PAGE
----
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United Nations aid chief calls for ceasefire around Yemen's Hodeida port

17 November 2018
United Nations aid chief calls for ceasefire around Yemen's Hodeida port

UN Secretary General Antonio Guterres has warned the destruction of the port could trigger a "catastrophic" situation in a country where 14 million people are at risk of starvation.

"The fighting must stop, a political debate must begin, and we must prepare a massive humanitarian response to avoid the worst next year", he said.

"The offensive to liberate the port city will continue to prevent the rebels from threatening the worldwide navigation in the Red Sea", al-Maliki said in a press conference in Riyadh, aired live by Al Arabiya.

Griffiths, said the statement, reassured the warring sides that the United Nations remained ready to re-engage the parties on a negotiated agreement for Hodeida, which would protect the port and preserve the humanitarian pipeline.

The United States, Britain and France - three of the main arms suppliers to Saudi Arabia - have also called for an end to almost four years of conflict in Yemen, particularly in Hodeida.

He urged all parties to relaunch peace talks, which were abandoned in September.

British Foreign Minister Jeremy Hunt met Saudi King Salman in Riyadh on Monday to discuss cease-fire in Yemen, according to Saudi-run Al Arabiya television.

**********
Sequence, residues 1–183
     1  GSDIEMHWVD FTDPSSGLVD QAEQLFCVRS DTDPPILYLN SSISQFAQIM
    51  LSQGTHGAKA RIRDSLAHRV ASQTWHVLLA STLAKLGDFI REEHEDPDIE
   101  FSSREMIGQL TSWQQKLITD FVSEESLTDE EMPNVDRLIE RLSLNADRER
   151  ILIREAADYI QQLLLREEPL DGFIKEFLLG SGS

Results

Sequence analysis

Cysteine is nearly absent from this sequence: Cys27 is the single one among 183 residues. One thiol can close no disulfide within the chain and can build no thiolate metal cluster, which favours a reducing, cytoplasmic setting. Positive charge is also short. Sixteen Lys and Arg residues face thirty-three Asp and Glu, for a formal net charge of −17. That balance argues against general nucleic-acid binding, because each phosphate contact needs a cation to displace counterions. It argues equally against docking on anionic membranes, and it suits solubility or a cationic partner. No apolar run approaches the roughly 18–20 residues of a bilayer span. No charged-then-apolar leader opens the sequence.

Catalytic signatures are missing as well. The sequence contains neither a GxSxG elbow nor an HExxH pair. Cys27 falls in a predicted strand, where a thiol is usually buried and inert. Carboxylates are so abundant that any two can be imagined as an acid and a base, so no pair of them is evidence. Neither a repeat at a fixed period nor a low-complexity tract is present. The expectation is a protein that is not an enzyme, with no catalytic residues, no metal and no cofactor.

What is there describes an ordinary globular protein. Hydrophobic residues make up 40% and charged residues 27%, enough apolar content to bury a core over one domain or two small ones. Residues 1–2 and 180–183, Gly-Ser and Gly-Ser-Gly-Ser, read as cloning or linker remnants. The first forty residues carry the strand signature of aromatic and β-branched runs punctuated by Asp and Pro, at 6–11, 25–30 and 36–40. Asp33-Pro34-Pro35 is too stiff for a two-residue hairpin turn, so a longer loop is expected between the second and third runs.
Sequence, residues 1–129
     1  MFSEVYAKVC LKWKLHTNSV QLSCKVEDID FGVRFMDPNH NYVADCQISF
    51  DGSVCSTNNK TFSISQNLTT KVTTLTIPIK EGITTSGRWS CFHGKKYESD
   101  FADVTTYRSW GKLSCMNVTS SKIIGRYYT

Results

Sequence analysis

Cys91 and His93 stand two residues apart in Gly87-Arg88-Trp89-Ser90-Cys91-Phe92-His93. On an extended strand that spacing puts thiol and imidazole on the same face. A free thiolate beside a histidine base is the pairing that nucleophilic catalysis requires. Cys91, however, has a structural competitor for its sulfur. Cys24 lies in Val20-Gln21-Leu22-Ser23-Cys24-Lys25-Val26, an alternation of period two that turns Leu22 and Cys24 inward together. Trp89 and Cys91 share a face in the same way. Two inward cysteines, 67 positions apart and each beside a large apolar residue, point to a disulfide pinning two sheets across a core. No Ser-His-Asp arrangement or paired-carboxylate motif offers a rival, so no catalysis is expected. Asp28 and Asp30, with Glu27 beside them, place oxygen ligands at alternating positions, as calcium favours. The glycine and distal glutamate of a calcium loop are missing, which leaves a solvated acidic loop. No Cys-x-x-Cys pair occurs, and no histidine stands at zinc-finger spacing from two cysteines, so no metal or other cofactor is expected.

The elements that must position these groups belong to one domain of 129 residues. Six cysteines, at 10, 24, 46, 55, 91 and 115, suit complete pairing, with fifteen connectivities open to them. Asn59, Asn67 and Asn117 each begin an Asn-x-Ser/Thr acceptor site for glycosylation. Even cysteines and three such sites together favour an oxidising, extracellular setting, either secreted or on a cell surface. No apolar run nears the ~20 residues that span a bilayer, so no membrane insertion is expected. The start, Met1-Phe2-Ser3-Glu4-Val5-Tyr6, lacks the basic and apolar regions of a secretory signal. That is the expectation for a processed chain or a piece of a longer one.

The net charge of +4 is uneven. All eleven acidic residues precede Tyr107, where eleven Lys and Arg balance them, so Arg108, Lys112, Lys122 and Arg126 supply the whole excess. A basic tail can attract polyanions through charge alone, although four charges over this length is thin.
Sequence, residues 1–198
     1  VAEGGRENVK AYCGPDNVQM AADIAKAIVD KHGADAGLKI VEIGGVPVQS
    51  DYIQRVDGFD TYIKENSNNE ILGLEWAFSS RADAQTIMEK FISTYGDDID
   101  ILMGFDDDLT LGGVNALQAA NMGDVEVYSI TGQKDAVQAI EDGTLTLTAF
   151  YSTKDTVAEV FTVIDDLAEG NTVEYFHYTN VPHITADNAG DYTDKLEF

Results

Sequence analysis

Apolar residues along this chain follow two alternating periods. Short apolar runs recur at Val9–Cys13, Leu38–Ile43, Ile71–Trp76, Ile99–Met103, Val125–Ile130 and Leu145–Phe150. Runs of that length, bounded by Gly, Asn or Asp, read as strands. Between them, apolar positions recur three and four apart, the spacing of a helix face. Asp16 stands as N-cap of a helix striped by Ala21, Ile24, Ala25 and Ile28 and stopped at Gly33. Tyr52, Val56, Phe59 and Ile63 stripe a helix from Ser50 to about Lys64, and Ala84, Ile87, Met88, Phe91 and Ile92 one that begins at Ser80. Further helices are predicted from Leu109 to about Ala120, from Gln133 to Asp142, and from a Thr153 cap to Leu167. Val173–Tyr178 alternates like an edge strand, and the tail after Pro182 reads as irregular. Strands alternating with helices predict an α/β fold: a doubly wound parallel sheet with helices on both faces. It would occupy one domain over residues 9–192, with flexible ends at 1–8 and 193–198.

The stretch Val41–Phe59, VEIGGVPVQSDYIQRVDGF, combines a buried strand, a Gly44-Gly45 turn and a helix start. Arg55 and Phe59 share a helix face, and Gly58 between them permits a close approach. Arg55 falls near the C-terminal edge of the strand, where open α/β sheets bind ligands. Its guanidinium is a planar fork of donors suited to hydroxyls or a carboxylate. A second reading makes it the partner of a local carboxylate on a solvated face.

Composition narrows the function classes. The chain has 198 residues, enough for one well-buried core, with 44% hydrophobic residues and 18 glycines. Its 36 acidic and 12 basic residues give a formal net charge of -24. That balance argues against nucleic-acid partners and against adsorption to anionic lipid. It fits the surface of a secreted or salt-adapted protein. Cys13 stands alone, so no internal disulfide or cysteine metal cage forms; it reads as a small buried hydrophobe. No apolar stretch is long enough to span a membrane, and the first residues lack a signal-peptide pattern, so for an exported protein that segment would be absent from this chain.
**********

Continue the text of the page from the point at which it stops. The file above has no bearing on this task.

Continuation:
Saudi Arabia is leading the Arab military coalition that intervened in Yemen in March 2015 to support the government of President Abd-Rabbu Mansour Hadi after the Houthi rebels forced him into exile.

'The human cost of war in Yemen is incalculable, ' Hunt said ahead of his trip.

Aid groups fear for the safety of hundreds of thousands of people living in Hodeida - and for millions of others dependent on its port for what little food and humanitarian aid trickle into impoverished, blockaded Yemen.

Air strikes against the Iran-aligned Houthis' fortifications were halted for more than 12 hours on Monday and street battles, which had been raging for a week on the outskirts of the Red Sea city, trapping civilians and endangering hospitals, died down, residents said.

Four employees in Hodeida port who requested anonymity told AFP that a rebel commander had been killed in the Monday attack.

Sources at the Al Alfi military hospital, seized by the rebels during their 2014 takeover, said charred body parts had been delivered there overnight.

The port s deputy director, Yahya Sharafeddine, said the main entrance to the docks had been "the target of air raids" but was fully functioning.

Almost 10,000 people have been killed since the coalition joined the conflict in 2015 to bolster President Abedrabbo Mansour Hadi, triggering what the United Nations calls the world's worst humanitarian crisis.

Almost 600 people have been killed since clashes erupted on November 1 in Hodeida, one of Yemen's most densely populated cities.